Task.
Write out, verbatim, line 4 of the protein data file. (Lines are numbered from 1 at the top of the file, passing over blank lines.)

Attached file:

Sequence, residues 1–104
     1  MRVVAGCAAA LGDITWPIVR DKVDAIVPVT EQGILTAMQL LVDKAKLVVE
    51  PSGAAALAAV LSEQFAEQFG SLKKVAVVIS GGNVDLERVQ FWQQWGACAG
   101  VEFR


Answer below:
   101  VEFR